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Inside the terrifying 'It' house that's popped up in Hollywood

Inside the terrifying 'It' house that's popped up in Hollywood
Photograph: Juliet Bennett Rylah

Pennywise the Dancing Clown, the face that terrorized millions of too-young TV watchers in 1990, will float back into pop culture relevance again when a remake of Stephen King’s It hits theaters September 8. In honor of the film, a free horror attraction has popped up in Hollywood that promises to reignite coulrophobia in anyone who dares to cross its threshold. It’s called “The It Experience: Neibolt House Hollywood,” and it opens on August 14 at 1pm.

Photograph: Juliet Bennett Rylah

 

There’s an entire generation of people who watched It as little kids and then were afraid to use the shower for three months. The four-hour miniseries starred Tim Curry as Pennywise, a vicious, kid-eating spider creature from another dimension that took the form of a clown, lurked in the sewers and ate children. I watched this film from behind the family couch as a very small child. Since Pennywise/It could come out of any drain, the toilet, shower and sinks in my home were all suspect.

An early scene in the original series depicts the murder of Georgie, who, in his bright, yellow rain slicker chases a paper boat to a storm drain where he encounters Pennywise. The clown offers Georgie a helium balloon and his boat, promising Georgie that if he enters the sewers, he—like the balloon—will float. “We all float down here,” Pennywise barks. Then, Pennywise’s grin morphs into sharp fangs, and his eyes gleam a terrible, sickly yellow. That’s the last we see of poor Georgie—except in my nightmares, where this scene lives forever.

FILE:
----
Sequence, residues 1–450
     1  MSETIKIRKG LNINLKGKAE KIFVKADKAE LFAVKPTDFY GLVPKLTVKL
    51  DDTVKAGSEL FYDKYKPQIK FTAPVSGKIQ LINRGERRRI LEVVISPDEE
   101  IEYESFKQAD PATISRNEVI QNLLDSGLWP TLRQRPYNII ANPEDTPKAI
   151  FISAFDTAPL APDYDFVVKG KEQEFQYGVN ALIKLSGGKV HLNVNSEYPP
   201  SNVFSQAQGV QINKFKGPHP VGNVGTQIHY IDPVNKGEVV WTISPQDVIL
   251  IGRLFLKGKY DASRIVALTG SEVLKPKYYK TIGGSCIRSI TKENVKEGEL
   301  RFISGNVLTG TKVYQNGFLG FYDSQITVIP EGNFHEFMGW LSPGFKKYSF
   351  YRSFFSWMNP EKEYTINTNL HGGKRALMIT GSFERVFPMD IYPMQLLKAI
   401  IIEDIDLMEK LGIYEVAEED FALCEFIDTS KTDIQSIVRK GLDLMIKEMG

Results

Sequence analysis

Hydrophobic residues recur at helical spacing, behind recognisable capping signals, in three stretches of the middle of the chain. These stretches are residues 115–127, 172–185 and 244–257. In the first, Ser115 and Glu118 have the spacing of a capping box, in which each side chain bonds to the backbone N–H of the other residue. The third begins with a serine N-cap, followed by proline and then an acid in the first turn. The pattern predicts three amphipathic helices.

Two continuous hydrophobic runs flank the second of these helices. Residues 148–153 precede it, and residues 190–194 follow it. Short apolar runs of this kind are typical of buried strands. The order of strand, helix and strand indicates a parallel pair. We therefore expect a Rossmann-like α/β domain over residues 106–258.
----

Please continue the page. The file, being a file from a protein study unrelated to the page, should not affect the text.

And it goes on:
If you go to “The It Experience,” you’ll find many Georgies, milling about a dilapidated old house that’s suddenly appeared at the corner of Hollywood and Vine, their faces obfuscated by their raincoats, carrying bobbing, red balloons. The magnificent facade of the house is a horror trope made incarnate: this is the house children dare each other to ding-dong-ditch on Halloween night.

Photograph: Juliet Bennett Rylah

 

One of the Georgies will guide you through the front door, beyond which lies 5,000 square-feet of terror. Guests enter in groups of seven—their own, personal Losers Club—and wind through several eerie scenes.

Photograph: Juliet Bennett Rylah

 

 

As far as haunts go, this one is a pretty standard dark maze, akin to what one might experience at Universal's Halloween Horror Nights or Knott's Berry Farm. (Of note for King fans: The Shining will get the haunted house treatment when Universal’s annual Halloween event opens late September 15.) The frights come predominantly in the form of startling jump scares, with a general uneasiness that permeates throughout. There are animatronics, projections and live actors, though—unlike some of L.A.’s more extreme haunts—the actors won’t touch you. Without giving too much away, guests will witness several eerie vignettes before descending deep into the sewers where It is known to dwell.

Photograph: Juliet Bennett Rylah

 

 

 

Photograph: Juliet Bennett Rylah

 

 

 

Photograph: Juliet Bennett Rylah

 

There are several fun Easter eggs: an old Fangoria magazine on a table in the Denbrough garage, a map of the Derry sewer systems, posters of Derry children who’ve recently gone missing. The experience is estimated to last about 20 minutes, but it seems to move pretty quickly—good news for those on the waitlist.

It’s a fun, little pre-October fright with great production, some clever jump scares and a reminder that, nearly three decades later, clowns can still scare the bejeezus out of us.

The It Experience: Neibolt House Hollywood” is located at the corner of Hollywood and Vine. It runs August 14 through September 10, from 1pm to 11pm daily (11am through 11pm as of August 21), and is free to enter. Reservations are currently totally booked, but there is a daily walk-up line and you can sign up for the waitlist online.

Photograph: Juliet Bennett Rylah

 

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